One of the reasons the situation is so bewildering and tough to read is the addition of Lee and Robinson, two heavy investments in the NFL Draft. But second-round receivers aren't always instant offense.

You might be thinking that our projections for these receivers are far too low, but they aren't unreasonable. Young receivers don't have the greatest track records. Of the 16 receivers selected in the second round over the past five years, just four posted at least 40 catches in their rookie years. Only six received over 50 targets, and only four posted Reception NEP scores over 50.00 (which would have placed them inside the top 50 this year).

The average Reception NEP for the group is just 36.94, which would have been 71st among receivers with at least 50 targets, and they just would have beat the target threshold for the subset, averaging 56.75 targets. In addition, both Lee and Robinson are dealing with injuries already in the preseason. They might be the duo of the future for the Jags, but anticipating worthwhile production immediately is a mite unwarranted.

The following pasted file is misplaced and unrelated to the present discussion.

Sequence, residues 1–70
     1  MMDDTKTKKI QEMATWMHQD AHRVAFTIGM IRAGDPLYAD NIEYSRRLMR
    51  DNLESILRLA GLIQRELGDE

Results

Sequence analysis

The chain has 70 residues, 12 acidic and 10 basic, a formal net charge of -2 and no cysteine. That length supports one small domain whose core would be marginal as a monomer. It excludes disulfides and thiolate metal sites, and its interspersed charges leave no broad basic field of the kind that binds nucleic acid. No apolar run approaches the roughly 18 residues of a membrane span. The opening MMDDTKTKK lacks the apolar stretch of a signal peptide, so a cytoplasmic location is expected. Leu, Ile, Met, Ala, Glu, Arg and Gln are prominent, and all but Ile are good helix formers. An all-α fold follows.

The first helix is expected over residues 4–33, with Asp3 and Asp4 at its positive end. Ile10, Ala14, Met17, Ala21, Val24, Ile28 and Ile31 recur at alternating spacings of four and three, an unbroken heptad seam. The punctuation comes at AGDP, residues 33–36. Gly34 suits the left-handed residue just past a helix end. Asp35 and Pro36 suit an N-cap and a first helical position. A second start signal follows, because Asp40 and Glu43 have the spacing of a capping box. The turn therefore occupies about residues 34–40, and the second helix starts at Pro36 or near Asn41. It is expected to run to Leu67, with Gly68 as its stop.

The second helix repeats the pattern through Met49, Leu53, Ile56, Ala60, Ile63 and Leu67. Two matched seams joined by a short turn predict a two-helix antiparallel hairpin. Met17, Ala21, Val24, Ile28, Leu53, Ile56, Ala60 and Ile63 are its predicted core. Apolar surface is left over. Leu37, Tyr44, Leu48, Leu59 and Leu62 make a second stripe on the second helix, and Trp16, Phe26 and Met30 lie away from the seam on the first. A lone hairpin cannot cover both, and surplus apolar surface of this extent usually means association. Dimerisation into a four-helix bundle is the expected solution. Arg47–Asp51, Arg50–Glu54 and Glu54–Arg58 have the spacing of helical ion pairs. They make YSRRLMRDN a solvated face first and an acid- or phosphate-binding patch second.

The Squeeze

Shorts should be able to post 70 receptions this year, which gives him some merit as a PPR wide receiver, but expecting a boost in touchdowns is the only way he'll really outproduce (get it? produce?) his draft day cost. Brown had just three noteworthy games last year, and expecting to guess correctly when those games might come will be a tricky situation each and every Sunday.

Lee and Robinson are fantastic dynasty league options, but redraft owners likely won't benefit from drafting either one.

Sanders, who likely will remain undrafted, provides, to me, the best value of all the Jaguar receivers. He may not surpass 36 receptions like our cheat sheet suggests, but if he can find a way to rekindle his closing pace from last year, he could double that number and be a viable option every now and again. All for the price of nothing. Just keep players like Sanders in mind before you draft a defense before the final two rounds of your draft just because nobody else looks appealing.